Challenges abound, but history can guide lawmakers

California faces many challenges in the new year–challenges that require our immediate attention.

As history has shown, should we fail to act, we may not be happy with the solutions forced upon us. Among the priorities of Senate Republicans are reforming California’s health-care and prison systems, investing in water storage and delivery and solving the state’s chronic budget crisis.

These are particularly important because the longer we wait, the worse and more costly the problems become to fix.

Health-care costs continue to rise and taxpayers are being asked to pay a higher and higher share of these costs. Private health-care premiums have more than doubled since 2000, bringing the average annual premium for family coverage to almost $11,000 in 2005. Last year alone nearly one-half of all births in California were paid for by Medi-Cal or other governmental programs.

Republicans always have insisted on more choice for consumers and less regulation. In health care, this means reducing government-mandated coverage. Senate Republicans want to reduce the regulatory burden and allow consumers more freedom to choose their options for care. California has almost 50 mandates, including requirements that all policies cover services, such as alcohol and drug treatment, in-vitro fertilization and acupuncture. These mandates have increased costs by as much as 30 percent.

We also need to encourage individuals to obtain catastrophic health-care coverage by offering expanded tax incentives for those who purchase such plans by conforming state tax law for Health Savings Accounts to federal law. By doing this, we eliminate the tax preference for employer-sponsored coverage and make health insurance more portable and accessible to the consumer. Unfortunately these reasonable reforms have to compete with the inevitable return of the single-payer, socialistic, inflexible, universal-coverage schemes similar to what the governor wisely vetoed last fall.

One of the most glaring pieces of unfinished business left at the end of the last legislative session is California’s dangerously overcrowded prisons. If allowed to deteriorate further, the courts may well take the issue entirely out of the Legislature’s hands, as they have done already with the prison health-care system.

The unavoidable solution is that we must build new prison facilities. According to the Department of Corrections and Rehabilitation (CDCR), we are on pace to exhaust all prison space, including classrooms and gymnasiums, by the summer of 2007. The governor’s decision to transfer some inmates to facilities in other states is a suitable stopgap response, but we cannot allow the situation to grow worse.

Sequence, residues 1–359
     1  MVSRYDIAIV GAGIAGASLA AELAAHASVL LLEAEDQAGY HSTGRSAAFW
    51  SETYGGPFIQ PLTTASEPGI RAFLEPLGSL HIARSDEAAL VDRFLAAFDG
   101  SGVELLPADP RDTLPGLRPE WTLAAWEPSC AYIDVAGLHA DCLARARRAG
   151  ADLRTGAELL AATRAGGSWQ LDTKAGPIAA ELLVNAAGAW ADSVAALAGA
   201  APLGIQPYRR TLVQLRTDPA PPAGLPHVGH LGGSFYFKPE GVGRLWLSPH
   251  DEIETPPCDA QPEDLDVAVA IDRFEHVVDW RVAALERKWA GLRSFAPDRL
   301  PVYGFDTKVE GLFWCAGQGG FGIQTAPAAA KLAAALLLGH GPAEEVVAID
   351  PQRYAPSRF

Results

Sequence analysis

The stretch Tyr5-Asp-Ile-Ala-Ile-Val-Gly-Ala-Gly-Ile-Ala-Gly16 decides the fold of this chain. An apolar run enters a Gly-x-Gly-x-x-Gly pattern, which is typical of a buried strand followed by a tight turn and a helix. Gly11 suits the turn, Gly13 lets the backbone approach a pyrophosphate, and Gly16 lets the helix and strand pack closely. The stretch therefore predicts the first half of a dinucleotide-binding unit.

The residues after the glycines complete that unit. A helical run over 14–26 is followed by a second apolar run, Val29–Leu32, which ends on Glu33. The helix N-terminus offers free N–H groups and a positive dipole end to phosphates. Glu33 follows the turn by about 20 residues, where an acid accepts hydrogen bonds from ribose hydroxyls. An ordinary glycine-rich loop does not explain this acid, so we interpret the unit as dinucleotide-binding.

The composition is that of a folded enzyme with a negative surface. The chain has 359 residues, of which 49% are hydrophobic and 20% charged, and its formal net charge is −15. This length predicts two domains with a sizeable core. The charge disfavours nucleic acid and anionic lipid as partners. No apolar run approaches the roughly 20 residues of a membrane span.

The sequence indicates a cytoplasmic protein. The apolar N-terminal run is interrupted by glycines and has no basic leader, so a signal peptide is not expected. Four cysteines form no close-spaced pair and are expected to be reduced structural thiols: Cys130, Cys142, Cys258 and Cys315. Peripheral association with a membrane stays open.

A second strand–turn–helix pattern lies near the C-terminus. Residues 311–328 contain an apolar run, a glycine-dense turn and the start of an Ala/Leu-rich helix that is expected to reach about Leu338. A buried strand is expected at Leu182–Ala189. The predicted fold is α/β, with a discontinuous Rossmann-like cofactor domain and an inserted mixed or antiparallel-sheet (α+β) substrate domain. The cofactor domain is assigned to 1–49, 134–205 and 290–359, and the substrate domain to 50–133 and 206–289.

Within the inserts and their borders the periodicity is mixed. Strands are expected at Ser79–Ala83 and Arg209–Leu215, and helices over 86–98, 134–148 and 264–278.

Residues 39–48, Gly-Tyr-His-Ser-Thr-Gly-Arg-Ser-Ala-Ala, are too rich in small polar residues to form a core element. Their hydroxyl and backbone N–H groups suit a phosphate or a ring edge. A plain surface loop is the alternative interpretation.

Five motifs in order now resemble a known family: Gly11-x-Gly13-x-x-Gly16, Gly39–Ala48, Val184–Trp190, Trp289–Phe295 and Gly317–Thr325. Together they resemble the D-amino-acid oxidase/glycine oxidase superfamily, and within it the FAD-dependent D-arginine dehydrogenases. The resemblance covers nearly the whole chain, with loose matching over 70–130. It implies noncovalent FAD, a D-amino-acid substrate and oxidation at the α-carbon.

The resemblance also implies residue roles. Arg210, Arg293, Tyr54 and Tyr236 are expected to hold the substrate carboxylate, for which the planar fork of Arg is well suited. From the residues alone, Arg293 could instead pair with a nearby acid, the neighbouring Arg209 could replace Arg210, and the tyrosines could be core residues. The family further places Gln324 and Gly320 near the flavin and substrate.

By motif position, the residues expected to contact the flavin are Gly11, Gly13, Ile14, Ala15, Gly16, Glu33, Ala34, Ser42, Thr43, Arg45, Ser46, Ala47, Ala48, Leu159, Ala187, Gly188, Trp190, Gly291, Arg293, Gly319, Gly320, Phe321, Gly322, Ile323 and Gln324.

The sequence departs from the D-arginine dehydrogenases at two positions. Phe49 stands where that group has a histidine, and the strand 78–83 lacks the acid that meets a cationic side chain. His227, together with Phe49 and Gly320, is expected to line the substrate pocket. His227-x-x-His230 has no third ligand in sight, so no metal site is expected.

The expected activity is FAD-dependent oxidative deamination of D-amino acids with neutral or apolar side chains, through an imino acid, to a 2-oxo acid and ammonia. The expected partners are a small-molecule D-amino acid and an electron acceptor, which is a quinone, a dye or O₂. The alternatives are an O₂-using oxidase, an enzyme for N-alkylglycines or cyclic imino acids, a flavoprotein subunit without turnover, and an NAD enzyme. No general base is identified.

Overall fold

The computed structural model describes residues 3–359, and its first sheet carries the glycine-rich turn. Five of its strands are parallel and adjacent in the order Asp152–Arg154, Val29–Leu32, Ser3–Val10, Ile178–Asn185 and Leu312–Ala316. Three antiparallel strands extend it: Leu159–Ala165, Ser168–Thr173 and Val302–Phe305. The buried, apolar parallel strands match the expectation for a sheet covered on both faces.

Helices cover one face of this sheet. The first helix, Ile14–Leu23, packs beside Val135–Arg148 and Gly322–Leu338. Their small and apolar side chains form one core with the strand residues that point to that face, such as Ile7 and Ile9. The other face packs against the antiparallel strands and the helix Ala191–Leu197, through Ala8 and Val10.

How bad is this situation? Every month 18,000 inmates are securing early releases from county jails throughout California because of overcrowding. Some in Sacramento call the early release of inmates “sentencing reform,” and are looking to accelerate early paroles and implement widespread sentence reduction to cope with the prison crisis. This approach makes no sense. We should not reward criminals and jeopardize the law-abiding because we’ve failed to keep prison construction in step with the increase in inmate population.

One of California’s most precious resources is water. But the infrastructure that stores and delivers this vital substance to California’s farmland, manufacturing centers and drinking reserves increasingly has been strained despite abundant rainfall over the past few years.

Estimates of future water needs vary widely, but, according to one study by the PPIC, California’s water needs will jump 40 percent in the next 25 years. While those figures represent a high-end scenario and likely overestimate future water use, there is no question that, at this point, the water balance likely will get worse rather than better.

While groundwater supplies have grown in recent years, construction of surface storage is slowing significantly. Since the drought of 1987-92, only two major surface-storage projects have been built. Together they total an amount that represents less than 3 percent of California’s existing developed water supply.
Another pending problem is the constant threat from environmental litigation and competing interests. Water supplies are too important to be placed in jeopardy.
Finally, this Legislature must act responsibly and get a handle on California’s enduring structural deficit. Some will demand an increase in taxes; Senate Republicans will not ask taxpayers to foot the bill for the state’s fiscal mismanagement.

One thing is clear: California has a spending problem, not a revenue problem. Last year spending rose by $8.5 billion over the previous year, which explains the more than $5 billion operating deficit we must close in the 2007-08 budget. With the once white-hot housing market cooling, there’s little chance for a last-minute miracle influx of cash this year to bail us out. The budget that Senate Republicans intend to support will contain no new spending, nor any new fees.

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